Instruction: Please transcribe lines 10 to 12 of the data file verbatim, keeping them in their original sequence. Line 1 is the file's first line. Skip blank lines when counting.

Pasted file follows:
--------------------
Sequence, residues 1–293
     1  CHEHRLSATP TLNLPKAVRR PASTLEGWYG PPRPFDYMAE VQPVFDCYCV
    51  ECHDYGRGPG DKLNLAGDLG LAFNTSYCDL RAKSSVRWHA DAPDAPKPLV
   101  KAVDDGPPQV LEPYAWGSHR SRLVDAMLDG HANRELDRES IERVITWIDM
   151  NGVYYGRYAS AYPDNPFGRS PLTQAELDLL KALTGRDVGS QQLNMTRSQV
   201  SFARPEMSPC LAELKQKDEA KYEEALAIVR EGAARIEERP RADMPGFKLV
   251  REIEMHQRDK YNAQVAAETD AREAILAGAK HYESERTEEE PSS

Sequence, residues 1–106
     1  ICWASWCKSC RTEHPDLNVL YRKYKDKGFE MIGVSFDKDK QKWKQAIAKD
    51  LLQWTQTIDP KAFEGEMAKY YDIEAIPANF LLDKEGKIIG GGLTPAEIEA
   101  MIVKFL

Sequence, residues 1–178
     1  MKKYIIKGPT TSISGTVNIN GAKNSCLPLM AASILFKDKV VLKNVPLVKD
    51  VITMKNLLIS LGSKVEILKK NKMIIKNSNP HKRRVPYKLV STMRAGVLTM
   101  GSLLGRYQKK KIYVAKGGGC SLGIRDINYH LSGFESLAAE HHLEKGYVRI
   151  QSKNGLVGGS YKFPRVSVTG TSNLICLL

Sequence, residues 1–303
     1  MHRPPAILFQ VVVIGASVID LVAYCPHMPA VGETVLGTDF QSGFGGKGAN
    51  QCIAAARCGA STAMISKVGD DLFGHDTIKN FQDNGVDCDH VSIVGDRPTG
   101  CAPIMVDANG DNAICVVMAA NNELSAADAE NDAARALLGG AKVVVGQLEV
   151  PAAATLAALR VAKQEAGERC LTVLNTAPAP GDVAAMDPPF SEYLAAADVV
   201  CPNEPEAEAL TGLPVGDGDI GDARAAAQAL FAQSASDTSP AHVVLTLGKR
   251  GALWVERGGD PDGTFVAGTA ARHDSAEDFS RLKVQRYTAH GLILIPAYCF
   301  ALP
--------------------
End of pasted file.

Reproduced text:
    51  LLQWTQTIDP KAFEGEMAKY YDIEAIPANF LLDKEGKIIG GGLTPAEIEA
   101  MIVKFL

Sequence, residues 1–178